Ronald Koeman himself has been pragmatic enough to acknowledge that his Everton team won’t win every game but, having overseen such a strong start to life at Goodison Park, it’s unlikely he would have expected to witness this kind of performance in a game in which the Blues were expected to do well.
Two defeats in a row, both under-pinned by really poor performances, have brought a swift end to the Dutchman’s honeymoon period at Everton and have thrown up some vexing questions and problems with a squad that still badly lacks sufficient depth.
With a display that was hauntingly familiar to the worst of last season, Koeman doesn’t appear to have the answers yet but he will have learned plenty from a chastening week where supporter expectations will have been realigned and sights will have been lowered.
Given that Everton should have won this fixture last year, that they beat Bournemouth on the two other occasions they faced them in 2015-16 and were coming into the weekend on a four-game winning streak in the Premier League, optimism was high that Koeman’s men could put the EFL Cup stumble against Norwich behind them by getting back to winning ways.
Sadly, they never really got going — almost to a man they looked for the first 45 minutes as though they’d sleep-walked off the team bus — and they paid the price against a Cherries side that was on the top of their game as they carried out what seemed to be a masterful tactical plan by manager Eddie Howe.
In stark contrast to the visitors, who all too often couldn’t get the basics like ball control, foul throws and a simple five-yard pass right, Bournemouth were quick, sharp and hungry and they had registered their intent in no uncertain terms before they eventually took the lead in the 23rd minute.
Ross Barkley’s weak give-away before a minute had elapsed almost ended with Callum Wilson opening the scoring, but he glanced Charlie Daniels’ cross inches wide of the far post. Jack Wilshere would have notched his first Cherries goal had Seamus Coleman not got a crucial deflection on his side-foot shot that carried it onto the face of the crossbar. Then the energetic Jordan Ibe, who tormented Coleman in the early going before the Irishman eventually managed to shackle him a bit more, fired a shot that looked destined for the bottom corner until it, too, took a vital nick off Ashley Williams. That was five minutes before Harry Arter drifted easily past Barkley and shaved the outside of the post with a similar angled shot.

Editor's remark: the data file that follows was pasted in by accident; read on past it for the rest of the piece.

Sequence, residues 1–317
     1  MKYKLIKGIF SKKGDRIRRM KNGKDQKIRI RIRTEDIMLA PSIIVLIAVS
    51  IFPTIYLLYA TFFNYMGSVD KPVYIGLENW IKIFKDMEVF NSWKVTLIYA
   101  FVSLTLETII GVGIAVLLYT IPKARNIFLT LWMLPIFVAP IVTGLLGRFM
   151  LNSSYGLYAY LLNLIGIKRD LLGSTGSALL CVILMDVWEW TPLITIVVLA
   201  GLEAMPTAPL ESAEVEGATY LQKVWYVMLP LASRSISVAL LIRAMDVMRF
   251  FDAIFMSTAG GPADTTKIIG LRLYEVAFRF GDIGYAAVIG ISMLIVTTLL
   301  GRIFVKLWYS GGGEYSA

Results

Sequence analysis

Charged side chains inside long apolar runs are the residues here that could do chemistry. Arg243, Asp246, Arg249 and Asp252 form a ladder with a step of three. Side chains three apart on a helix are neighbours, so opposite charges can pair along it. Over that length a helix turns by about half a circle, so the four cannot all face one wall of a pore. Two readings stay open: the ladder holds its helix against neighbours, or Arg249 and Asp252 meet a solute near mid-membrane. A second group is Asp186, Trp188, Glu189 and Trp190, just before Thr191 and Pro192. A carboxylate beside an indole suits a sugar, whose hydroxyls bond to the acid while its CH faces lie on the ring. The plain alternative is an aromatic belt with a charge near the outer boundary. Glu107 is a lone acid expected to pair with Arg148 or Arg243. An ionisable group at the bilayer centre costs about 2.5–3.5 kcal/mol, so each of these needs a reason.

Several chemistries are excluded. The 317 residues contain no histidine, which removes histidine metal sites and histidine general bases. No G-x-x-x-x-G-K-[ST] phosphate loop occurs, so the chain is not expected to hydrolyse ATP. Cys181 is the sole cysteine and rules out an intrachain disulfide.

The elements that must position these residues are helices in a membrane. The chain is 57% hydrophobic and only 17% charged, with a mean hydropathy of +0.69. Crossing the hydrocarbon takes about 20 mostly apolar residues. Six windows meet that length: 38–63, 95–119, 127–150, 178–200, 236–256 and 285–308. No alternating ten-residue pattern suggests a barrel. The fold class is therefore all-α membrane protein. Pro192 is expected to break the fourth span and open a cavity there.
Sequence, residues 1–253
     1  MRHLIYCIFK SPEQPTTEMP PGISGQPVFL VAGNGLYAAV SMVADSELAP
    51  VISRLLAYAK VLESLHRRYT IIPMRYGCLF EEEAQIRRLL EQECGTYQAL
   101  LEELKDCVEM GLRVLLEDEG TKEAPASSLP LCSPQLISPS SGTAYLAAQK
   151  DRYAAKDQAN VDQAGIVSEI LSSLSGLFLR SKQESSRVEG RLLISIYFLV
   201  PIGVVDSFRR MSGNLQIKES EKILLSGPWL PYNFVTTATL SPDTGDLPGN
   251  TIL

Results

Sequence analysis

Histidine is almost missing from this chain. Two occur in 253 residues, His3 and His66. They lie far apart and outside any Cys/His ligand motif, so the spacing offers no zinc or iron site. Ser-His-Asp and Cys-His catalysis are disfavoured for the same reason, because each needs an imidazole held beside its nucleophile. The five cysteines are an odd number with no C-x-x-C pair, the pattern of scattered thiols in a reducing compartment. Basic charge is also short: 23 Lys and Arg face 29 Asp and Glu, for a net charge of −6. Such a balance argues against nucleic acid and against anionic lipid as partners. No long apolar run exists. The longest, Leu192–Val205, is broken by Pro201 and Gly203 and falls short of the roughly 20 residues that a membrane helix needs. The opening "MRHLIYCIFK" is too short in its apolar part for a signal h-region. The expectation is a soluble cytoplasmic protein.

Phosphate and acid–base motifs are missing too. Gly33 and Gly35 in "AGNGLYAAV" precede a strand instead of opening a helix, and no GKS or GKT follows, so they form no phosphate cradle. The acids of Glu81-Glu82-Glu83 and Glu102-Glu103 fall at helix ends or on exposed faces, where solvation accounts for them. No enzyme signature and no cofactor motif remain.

It was worrying just how much control the home side had assumed of the game by the midway point of the first half and just how easily they were retaining it. Everton struggled to get the ball off their hosts and when they did, they invariably gave it straight back. Surely even Junior Stanlislas would have been surprised, though, at just how much space he found himself in 25 yards from goal. With time to line up his shot, he arrowed a 25-yarder into the top corner of Maarten Stekelenburg’s goal to make it 1-0.
Had Everton scored first, as they did at the Vitality Stadium last November and again in March, things might have been different. It certainly would have put a different complexion on proceedings had Barkley not frozen by the penalty spot when an early Yannick Bolasie cross bounced past his feet in the second minutes or had Artur Boruc not pulled off an excellent save to deny Romelu Lukaku eight minutes later. The Belgian met Barkley’s in-swinging free kick with a downward header searching for the corner but the goalkeeper reacted quickly with a firm hand to push it away and Barkley himself then lashed wide after the rebound had been fed back to him.
Starting in spite of an ankle injury, Gareth Barry was visibly off his game and with even Idrissa Gueye looking fallible, the first half made uncomfortable viewing for the travelling fans who had come in fine voice. Barry went closest to equalising before the break, though, when he tested Boruc with a crisp 30-yard shot that the ‘keeper helped over the bar with both gloves.